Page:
We are disappointed by the Minister of Health’s choice of words this morning. Obsessive Compulsive Disorder, or OCD, is a mental health condition that can be debilitating. It is widely misunderstood and the myth that people who live with OCD are just extra-committed to cleanliness creates barriers to recovery, treatment and understanding. Flippant use of the term “OCD” contributes to misunderstandings and strengthens these barriers and we would have hoped the Minister of Health would have been more mindful of this and chosen his words more carefully. It is not time for New Zealanders to all experience a debilitating mental illness – it is simply time for all of us to commit to stringent hygiene practices that will safeguard our whānau and communities. This message can be conveyed without resorting to thoughtless stereotypes about OCD that dilute the seriousness of the condition and make it hard for those who do experience to get help and understanding.
People who live with OCD experience repeated and obsessive intrusive, unwanted thoughts, images or urges. These cause great anxiety and can be extremely distressing. People try to find different ways to find relief or ease their distress by engaging in compulsions – repeated actions or behaviours that they feel driven to do, even when they know they are unnecessary or don’t make sense. Often, performing the compulsive action makes people feel a little better at first, but their anxiety returns and compulsive behaviour can escalate.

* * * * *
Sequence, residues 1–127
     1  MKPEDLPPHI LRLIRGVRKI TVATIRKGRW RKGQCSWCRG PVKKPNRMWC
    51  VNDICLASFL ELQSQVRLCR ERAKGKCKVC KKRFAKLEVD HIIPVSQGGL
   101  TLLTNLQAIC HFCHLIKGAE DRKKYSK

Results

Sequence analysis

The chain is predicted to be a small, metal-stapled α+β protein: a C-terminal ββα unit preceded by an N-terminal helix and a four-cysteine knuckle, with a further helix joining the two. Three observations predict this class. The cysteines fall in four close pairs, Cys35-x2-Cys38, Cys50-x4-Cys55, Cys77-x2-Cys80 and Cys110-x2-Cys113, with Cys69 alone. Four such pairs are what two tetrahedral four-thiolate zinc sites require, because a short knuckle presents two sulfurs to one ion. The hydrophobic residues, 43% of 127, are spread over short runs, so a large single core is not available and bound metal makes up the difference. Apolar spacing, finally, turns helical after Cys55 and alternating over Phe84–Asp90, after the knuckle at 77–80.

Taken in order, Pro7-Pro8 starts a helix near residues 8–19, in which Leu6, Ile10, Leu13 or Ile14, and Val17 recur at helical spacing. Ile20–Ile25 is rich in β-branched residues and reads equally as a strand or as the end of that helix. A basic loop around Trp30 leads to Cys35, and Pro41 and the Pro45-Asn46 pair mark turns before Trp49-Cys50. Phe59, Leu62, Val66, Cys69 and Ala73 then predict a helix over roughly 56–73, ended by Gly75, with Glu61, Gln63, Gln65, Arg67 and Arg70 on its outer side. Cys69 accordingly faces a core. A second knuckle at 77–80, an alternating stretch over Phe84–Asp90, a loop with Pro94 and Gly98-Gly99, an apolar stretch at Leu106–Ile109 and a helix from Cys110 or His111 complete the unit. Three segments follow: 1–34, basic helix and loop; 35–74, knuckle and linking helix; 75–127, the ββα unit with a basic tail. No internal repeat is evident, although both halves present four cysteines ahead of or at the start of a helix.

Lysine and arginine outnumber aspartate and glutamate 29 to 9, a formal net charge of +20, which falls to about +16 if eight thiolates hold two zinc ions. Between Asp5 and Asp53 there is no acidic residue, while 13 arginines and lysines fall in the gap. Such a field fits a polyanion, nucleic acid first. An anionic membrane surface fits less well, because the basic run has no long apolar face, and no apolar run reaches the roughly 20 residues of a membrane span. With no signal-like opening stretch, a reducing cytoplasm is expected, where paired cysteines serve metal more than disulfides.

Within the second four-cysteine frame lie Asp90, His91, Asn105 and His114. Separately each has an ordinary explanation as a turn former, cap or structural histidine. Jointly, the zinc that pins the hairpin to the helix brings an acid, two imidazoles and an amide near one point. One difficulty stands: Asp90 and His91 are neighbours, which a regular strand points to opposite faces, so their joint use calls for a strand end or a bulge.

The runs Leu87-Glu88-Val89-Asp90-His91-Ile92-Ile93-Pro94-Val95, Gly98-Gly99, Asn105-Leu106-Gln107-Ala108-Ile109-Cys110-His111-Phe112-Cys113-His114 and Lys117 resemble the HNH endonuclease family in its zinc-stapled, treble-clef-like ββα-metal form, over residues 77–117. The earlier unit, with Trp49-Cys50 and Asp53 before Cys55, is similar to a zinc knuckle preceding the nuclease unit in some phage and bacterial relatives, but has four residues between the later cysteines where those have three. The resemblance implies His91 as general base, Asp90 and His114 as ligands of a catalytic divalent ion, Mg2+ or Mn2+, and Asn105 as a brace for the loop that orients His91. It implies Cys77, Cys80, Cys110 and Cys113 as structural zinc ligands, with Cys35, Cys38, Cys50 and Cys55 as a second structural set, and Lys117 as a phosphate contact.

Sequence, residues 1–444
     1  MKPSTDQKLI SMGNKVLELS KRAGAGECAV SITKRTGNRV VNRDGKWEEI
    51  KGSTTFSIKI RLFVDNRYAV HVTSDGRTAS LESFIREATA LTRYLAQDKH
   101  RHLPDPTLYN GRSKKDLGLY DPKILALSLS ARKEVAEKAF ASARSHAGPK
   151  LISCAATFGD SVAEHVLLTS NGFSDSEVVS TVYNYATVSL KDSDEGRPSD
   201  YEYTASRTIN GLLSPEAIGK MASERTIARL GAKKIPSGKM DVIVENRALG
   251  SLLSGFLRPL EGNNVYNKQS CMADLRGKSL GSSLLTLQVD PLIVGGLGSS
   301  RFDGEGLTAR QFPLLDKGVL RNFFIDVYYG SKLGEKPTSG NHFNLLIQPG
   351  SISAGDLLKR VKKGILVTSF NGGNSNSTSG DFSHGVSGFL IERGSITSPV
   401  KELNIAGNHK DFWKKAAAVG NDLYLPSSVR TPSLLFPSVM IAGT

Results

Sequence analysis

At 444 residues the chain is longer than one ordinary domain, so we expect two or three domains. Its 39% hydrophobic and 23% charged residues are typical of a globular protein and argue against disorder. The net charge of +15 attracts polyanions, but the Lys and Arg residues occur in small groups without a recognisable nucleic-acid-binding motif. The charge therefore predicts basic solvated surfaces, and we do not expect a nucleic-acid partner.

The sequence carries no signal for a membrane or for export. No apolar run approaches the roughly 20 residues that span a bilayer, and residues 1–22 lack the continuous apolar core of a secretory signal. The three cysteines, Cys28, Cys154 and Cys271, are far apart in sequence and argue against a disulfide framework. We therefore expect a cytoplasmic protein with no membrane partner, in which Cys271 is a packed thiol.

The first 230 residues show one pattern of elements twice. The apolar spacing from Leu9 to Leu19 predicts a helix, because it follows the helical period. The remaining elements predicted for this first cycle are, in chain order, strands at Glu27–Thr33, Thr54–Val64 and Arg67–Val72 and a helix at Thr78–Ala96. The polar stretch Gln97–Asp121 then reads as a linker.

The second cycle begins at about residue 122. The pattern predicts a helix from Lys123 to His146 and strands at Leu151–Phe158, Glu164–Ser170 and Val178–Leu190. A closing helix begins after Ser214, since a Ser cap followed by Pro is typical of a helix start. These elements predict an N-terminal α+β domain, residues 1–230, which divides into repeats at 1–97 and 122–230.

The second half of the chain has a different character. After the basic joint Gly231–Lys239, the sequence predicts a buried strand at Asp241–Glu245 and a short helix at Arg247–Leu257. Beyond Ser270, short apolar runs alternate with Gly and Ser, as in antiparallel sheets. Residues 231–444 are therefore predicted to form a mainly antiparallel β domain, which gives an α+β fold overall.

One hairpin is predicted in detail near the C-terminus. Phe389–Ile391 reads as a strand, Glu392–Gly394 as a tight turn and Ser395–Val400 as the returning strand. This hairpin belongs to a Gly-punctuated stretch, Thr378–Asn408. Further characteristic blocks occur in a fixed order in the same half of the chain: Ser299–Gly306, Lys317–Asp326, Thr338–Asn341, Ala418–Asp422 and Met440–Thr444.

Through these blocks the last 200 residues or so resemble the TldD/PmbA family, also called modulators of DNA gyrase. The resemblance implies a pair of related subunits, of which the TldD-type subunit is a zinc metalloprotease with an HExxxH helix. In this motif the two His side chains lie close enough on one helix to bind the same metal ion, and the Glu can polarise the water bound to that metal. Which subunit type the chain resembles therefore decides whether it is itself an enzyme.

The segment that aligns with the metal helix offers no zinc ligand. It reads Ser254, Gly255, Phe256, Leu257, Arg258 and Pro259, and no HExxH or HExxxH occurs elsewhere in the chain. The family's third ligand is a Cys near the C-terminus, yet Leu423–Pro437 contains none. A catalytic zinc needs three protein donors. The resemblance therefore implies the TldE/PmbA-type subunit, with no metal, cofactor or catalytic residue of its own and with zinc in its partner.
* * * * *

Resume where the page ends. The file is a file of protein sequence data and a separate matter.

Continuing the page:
For some people, these obsessions and compulsions take over their lives and cause significant distress and disruption, impacting their ability to work, take part in society and have supportive relationships.
Obsessions and compulsions about cleanliness are not uncommon for people who have OCD, but they are not the only way people experience OCD. For those who do experience obsessions and compulsions about cleanliness, it’s important to understand this is not just a general desire to live in a clean and tidy environment. Their cleaning behaviours are driven by a deep anxiety that, for example, if they do not perform these behaviours then something terrible will happen to them, their whānau or the world. For the most part, they know these fears are not rational but that does not diminish the strong feelings they are experiencing, and this causes frustration and low self-esteem.
We note that increasing fear and anxiety about Covid-19 has caused distress for many, especially those of us who already live with mental illness. OCD and other mental health problems can be triggered by stress. We urge everyone who is talking about the virus to be mindful of this and seek to ensure people have enough information to feel confident and reassured that they can look after their own health and the health of the people around them without inciting panic or anxiety.